Texas Cichlid



Other Texas Cichlid Names: Texas Cichlid, Rio Grande Cichlid, Texas Green

Texas Cichlid Scientific Name: Herichthys cyanoguttatus, Cichlasoma cyanoguttatum, Herichthys cyanoguttatum

Texas Cichlid (Herichthys cyanoguttatus))

Temperature Range: 68°F-86°F
68°-86°
pH Range: 6.4-7.6
6.4-7.6
Hardness Range: 5-15°
5-15°


Family: Cichlidae

Species Type: North American Cichlids

Texas Cichlid Adult Size: 12 inches (cm)

Texas Cichlid Life Expectancy: 12 years

Texas Cichlid Habitat: Texas Rivers (USA)

Texas Cichlid Minimum Tank Size: 75 gallons

Texas Cichlid Temperament: Aggressive

Texas Cichlid Diet & Nutrition: Carnivorous - As juveniles you can feed small flakes or any type of ground cichlid pellets or fry crumble. As they grow, start feeding appropriately sized cichlid pellets as a staple. Frozen or freeze dried treats such as brine shrimp, bloodworms, beefheart or krill can be given on occasion. Live worms, fish, or crickets can also be given a few times per month. When feeding live fish, it is always best to raise your own to reduce the risk of introducing dieseases and parasites.

Texas Cichlid Description: Texas cichlids change in appearance throughout their lives. Younger specimens have a tan or yellowish appearance while older specimens have a darker grey/blue appearance. In all stages of development, the texas cichlid has small turquiose colored dots all over the body. It is a typical new world cichlid shape with a tall body and wide girth. The mouth is large and can eat smaller fish with ease. There are three black bars behind the spot near the center of the body. These spots tend to get darker during spawning season.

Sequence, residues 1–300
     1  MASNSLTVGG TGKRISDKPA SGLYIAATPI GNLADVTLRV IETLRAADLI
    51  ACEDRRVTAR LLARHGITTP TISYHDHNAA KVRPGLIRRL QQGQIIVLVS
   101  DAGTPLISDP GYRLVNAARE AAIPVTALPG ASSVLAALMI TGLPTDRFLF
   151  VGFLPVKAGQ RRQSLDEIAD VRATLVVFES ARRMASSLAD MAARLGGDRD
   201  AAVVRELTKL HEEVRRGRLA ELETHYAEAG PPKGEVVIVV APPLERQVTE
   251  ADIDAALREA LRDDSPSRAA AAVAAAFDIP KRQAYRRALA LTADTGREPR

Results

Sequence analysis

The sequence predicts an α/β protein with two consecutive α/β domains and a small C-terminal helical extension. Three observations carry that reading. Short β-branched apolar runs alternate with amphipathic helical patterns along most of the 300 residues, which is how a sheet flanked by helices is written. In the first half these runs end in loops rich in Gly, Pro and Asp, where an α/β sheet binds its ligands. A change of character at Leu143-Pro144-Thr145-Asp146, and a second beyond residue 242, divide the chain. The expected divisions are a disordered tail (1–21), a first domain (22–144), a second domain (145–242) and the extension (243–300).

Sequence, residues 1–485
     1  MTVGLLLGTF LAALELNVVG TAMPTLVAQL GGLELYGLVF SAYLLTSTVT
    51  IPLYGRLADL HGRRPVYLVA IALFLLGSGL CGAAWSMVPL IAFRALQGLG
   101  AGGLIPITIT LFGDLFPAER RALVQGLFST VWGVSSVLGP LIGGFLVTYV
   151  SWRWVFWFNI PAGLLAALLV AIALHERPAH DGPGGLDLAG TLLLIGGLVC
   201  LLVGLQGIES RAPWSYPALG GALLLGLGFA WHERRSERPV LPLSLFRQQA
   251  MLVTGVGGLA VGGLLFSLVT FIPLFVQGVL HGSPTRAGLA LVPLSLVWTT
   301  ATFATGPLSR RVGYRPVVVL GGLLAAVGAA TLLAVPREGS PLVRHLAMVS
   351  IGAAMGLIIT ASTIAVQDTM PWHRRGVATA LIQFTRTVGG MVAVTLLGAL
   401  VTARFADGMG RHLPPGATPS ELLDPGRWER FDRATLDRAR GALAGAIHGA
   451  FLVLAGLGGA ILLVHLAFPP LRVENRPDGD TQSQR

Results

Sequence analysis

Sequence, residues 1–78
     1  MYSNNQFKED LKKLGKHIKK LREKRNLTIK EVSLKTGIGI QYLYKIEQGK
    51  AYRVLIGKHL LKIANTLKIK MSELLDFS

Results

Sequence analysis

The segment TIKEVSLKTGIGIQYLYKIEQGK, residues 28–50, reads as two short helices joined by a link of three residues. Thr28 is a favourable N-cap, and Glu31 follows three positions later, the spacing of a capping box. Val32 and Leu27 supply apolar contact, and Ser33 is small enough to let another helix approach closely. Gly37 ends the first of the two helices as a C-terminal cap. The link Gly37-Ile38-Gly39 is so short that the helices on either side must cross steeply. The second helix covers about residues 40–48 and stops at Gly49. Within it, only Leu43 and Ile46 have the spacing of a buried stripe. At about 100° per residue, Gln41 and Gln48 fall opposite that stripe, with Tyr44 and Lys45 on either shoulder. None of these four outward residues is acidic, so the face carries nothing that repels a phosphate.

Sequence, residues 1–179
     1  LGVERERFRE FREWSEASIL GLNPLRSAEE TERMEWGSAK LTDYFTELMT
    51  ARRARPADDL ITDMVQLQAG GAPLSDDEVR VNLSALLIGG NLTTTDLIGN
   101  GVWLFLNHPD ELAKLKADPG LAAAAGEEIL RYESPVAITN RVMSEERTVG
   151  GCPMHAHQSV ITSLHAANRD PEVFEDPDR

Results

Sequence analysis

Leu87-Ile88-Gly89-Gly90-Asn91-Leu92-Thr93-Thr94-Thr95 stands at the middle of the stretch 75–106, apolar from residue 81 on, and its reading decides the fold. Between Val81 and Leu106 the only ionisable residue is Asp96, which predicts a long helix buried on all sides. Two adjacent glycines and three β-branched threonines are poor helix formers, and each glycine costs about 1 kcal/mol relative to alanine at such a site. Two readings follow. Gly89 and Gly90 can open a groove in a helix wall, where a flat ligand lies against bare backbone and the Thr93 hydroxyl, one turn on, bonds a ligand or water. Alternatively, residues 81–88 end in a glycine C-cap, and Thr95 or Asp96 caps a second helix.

Tank Mate Compatibility: Oscars, Plecos and Blood Parrot Cichlids. Other large cichlids with similar water requirements

Texas Cichlid Breeding & Spawning: These cichlids are very easy to spawn. Females are ready to breed by 2-3 inches. The female will clean off a piece of slate or flat surface and lay up too 500-1000 eggs with the male following up and fertilizing them. Both parents prior to hatching dig a small pit for transfer. The female will now tend to the eggs while the male guards the perimeter. The pair's aggression is now at it's peak. A few "targets" like silver dollars or anything too fast must be used now to take some of the aggression from the male off of the female. Either that or a divider is most likely the case here unless you want to see its natural behaviour. The eggs hatch after 3-5 day's and the female will help the young out of the sacs. They are then transferred to the pit and stay there for another 5-8 days when the young then become free swimmers that feed off organic matter and can be fed after about another weak with baby brine, cyclops, crushed flake. The young should be removed upon reaching 3/4 inch.

Determining Texas Cichlid Sex: Males will develop a bump on their head.

Aquarium Region: All over

Texas Cichlid Diseases: None specific to species.



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